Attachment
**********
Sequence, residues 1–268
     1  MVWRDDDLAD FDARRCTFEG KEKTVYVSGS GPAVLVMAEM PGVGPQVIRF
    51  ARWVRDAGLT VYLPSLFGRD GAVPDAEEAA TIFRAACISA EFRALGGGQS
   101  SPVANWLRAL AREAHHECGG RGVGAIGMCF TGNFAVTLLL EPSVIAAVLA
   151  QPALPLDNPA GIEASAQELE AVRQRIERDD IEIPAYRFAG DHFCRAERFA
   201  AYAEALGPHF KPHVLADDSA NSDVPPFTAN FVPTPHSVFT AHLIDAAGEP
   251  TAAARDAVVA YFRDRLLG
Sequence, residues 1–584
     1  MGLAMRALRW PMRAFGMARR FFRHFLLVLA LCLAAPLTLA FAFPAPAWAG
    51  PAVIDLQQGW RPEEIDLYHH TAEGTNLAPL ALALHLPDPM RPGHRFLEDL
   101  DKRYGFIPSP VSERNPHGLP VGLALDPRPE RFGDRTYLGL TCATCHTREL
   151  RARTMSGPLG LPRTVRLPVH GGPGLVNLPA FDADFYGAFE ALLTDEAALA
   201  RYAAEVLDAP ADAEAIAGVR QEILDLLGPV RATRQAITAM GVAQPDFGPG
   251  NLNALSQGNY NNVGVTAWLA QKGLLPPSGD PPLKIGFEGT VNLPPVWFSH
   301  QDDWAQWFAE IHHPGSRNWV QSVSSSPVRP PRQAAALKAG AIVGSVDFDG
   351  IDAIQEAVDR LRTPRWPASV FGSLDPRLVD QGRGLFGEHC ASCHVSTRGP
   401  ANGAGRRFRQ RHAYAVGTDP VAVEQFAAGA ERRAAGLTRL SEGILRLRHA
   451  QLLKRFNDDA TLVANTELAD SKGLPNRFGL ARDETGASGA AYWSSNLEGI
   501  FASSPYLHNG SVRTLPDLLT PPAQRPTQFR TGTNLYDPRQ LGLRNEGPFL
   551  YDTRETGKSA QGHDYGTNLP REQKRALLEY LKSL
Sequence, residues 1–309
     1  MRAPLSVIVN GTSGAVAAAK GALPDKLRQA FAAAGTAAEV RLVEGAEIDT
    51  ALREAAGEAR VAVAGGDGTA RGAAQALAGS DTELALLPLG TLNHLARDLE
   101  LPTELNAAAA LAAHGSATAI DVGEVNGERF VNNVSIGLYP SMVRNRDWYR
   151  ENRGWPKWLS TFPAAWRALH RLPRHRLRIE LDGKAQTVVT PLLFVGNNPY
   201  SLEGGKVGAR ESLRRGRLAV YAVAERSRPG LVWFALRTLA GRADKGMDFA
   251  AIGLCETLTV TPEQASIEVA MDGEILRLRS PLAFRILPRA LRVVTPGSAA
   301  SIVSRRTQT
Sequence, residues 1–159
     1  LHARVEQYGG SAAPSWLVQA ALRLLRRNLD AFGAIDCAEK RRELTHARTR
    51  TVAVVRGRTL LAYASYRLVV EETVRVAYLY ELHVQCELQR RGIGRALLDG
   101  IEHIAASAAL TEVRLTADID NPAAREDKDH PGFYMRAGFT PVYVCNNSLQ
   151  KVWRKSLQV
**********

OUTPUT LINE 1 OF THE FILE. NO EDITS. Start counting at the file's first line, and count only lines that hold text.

Sequence, residues 1–268